Her Times
By Pam Parker Erie Times-News staff blogger
Pam Parker's blog takes on everything from women's fun to momisms to lifestyles around Lake Erie and real estate. She'll take you down Memory Lane, up through sports and fun and off the grid. Get ready for laughs — it's more than just Pam. It's Pamdemonium.   Read more about this blog.
 Phone: 814-870-1821
Posts tagged ‘children’
Posted: March 17th, 2014

Christmas Present Wrapped in Gold and Silver 2000After the wearing o’ the green is over, National Single Parent Day sneaks up on us on March 21, according to  of Yahoo.comShe explained the origin of the holiday last year with some surprising stats — here’s a portion of her article:

13.6 million single parents in the U.S. who are responsible for 21.2 million children. Households headed by single fathers is the fastest growing segment, having increased in numbers by 60 percent in the decade between 2000 to 2010.
In 1984 President Ronald Reagan proclaimed March 21 to be “National Single Parent Day. … In the United States, about 35 percent of all children live in single-parent households. The fewest percentage lives in Utah with only 21 percent, and the highest percentage lives in the District of Columbia with 64 percent.”

Pam Parker is the editor of Lake Erie LifeStyleHer Times and House to Home at the Erie Times-News in Erie, Pa. She is mom to three, stepmom to three and GramPam to one.

Posted in: Uncategorized
Posted: December 15th, 2012

A lump has been in my throat for 22 hours now. My kids are all in their 20s, but we’ve lived through many horrors including Virginia Tech and Columbine. Here’s some good advice from the Idaho Evening Journal. As moms and dads, we must listen and pay attention to what our kids need to discuss, and not all kids are the same. The Seattle Times also offered some terrific advice.

More links provided by PBS from Gary Meier, Superintendent, Ferndale Public Schools in Ferndale, Michigan:

Pam Parker is the editor of Lake Erie LifeStyle, Her Times and House to Home at the Erie Times-News in Erie, Pa. She is the mom of three, stepmom to three and step-grandmom to one.

Posted in: Uncategorized
Posted: December 13th, 2012

The American Academy of Pediatrics says that children’s eyes are at increased risk for permanent damage from sunlight until they are at least 10 years old, because their eyes are highly sensitive and still developing. The Real Kids Shade shared the news.

It’s also true that 90 percent of damage from the sun occurs by age 18. We all use sunscreen, but less than a third of parents protect kids’ eyes. That would include me.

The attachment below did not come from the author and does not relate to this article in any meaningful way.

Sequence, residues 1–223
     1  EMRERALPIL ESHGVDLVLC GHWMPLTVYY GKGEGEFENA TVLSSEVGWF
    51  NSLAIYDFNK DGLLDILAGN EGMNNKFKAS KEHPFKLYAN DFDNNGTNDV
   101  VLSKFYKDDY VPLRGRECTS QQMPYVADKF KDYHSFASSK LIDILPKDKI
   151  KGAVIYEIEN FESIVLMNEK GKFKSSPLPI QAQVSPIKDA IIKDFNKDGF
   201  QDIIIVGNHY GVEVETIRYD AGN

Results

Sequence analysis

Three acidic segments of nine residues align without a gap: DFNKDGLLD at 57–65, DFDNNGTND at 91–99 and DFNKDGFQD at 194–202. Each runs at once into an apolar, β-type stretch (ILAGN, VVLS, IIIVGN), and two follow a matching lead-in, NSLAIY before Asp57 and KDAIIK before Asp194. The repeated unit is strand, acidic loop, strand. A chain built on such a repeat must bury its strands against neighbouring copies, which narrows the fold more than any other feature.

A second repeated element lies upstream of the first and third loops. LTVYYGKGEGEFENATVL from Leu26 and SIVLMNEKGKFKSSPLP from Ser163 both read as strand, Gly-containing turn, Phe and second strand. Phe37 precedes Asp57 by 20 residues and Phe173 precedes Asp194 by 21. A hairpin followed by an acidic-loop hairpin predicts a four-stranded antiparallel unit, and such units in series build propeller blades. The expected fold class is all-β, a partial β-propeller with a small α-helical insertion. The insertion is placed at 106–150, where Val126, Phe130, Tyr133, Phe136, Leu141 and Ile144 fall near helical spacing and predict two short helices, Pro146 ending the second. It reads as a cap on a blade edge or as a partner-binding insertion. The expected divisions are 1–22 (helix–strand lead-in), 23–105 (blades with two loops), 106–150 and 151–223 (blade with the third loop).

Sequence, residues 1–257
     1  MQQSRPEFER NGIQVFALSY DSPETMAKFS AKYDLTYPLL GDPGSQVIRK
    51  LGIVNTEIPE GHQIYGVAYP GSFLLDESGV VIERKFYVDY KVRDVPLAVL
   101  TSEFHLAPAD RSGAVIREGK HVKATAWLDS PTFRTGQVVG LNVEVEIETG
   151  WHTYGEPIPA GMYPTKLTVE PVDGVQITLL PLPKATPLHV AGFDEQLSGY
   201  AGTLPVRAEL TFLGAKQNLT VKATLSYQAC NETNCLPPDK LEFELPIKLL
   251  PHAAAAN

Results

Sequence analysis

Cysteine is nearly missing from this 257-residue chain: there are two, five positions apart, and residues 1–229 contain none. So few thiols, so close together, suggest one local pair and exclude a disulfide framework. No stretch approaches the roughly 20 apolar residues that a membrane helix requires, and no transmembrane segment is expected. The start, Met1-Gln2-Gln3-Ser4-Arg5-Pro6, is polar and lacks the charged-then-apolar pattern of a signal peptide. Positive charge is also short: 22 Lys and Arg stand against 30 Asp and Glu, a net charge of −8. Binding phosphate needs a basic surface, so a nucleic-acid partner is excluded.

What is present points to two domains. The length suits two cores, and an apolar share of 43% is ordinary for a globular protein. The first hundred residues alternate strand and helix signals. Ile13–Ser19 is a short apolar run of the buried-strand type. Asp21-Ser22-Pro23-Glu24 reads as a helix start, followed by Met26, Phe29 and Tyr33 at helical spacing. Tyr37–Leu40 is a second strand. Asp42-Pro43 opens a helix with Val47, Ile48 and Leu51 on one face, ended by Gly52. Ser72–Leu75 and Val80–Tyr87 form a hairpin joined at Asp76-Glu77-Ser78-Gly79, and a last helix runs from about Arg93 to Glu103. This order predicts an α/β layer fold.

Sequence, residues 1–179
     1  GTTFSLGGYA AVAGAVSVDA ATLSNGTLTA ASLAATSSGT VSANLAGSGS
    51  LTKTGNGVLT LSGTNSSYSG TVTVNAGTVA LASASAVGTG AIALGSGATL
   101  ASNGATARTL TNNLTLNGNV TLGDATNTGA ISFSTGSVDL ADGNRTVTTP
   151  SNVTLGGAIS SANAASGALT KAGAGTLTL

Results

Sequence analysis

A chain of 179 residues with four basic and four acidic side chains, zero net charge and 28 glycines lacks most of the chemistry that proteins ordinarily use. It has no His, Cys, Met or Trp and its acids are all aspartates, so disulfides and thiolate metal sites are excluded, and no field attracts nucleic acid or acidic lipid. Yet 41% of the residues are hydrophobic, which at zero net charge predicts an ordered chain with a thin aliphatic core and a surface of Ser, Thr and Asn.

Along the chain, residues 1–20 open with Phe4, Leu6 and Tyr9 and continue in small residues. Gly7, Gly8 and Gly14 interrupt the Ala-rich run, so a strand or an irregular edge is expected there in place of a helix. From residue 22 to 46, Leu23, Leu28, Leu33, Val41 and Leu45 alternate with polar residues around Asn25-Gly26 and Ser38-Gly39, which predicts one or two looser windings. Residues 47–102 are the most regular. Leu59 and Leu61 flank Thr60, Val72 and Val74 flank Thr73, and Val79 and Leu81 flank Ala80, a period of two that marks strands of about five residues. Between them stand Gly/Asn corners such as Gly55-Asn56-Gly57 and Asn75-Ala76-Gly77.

There are lots of cute shades for kids out there, and they range from $14.99 and up babies to tweens (with and without straps to hold them on). Teens will want to wear them on their own because shades are cool.

Pam Parker is the editor of Lake Erie LifeStyleHer Times and House to Home at the Erie Times-News in Erie, Pa. She is the mom of three, stepmom to three and step-grandmom to one.

 

Posted in: Uncategorized
Posted: August 16th, 2012

We often look for baclpacks that are stylish, fashionable and durable. But many thanks to RENEÉ HEWITT of  Topical BioMedics for advice on backpacks for kids.

She reminds us that heavy backpacks  worn incorrectly can cause serious back, neck and shoulder pain.

Tips for Back Safety
Lou Paradise, president and chief of research of Topical BioMedics, a topical pain ointment for kids, offers the following tips for proper backpack safety:

-Make sure backpacks fit properly and have padded backs and straps.

-Children should wear BOTH straps – slinging a backpack over one shoulder can strain muscles.

-Teach your child to pack light only carry what is necessary to avoid any excess weight.

-A backpack should weigh no more than 10  - 20 percent of the child’s body weight.

-The backpack’s straps should fit snuggly over the child’s shoulders.

-Parents should pick up their child’s backpack on a regular basis to gauge its weight.

-Make sure the backpack is positioned on the back between the shoulder and not resting on the child’s lower back or hips.

-Tighten the straps so the pack sits close to the body.

-Organize the pack carefully and pack the heavier items closet to the center of the back.

-If your child experiences back pain, weakness or numbness in the arms or legs, be sure to speak with your doctor.

Look for Signs That Signal a Backpack is Too Heavy

-A change in your child’s posture when wearing the backpack

-Struggling to put on or take off the backpack

-Pain when wearing the backpack

-Red marks from the shoulder straps after the backpack has been removed.

Features to Look for When Choosing a Backpack
-Two shoulder straps to distribute weight evenly

-Wide, padded shoulder straps that won’t dig into shoulders causing pain and cutting off circulation

-Padded back provides more comfort and protects children from being poked by sharp objects inside the backpack

-Backpack should be made of durable, lightweight material

-Waist belt to distribute the weight more evenly across the body

-Backpacks with wheels are an excellent choice for students who must tote a heavy load, but are less practical for use in snow during the winter months

To learn more about Topricin Junior, go to http://www.topricin.com

Pam Parker is an award-winning writer and editor for Lake Erie LifeStyleHer Times and House to Home at the Erie Times-News in Erie, Pa.

Posted in: Uncategorized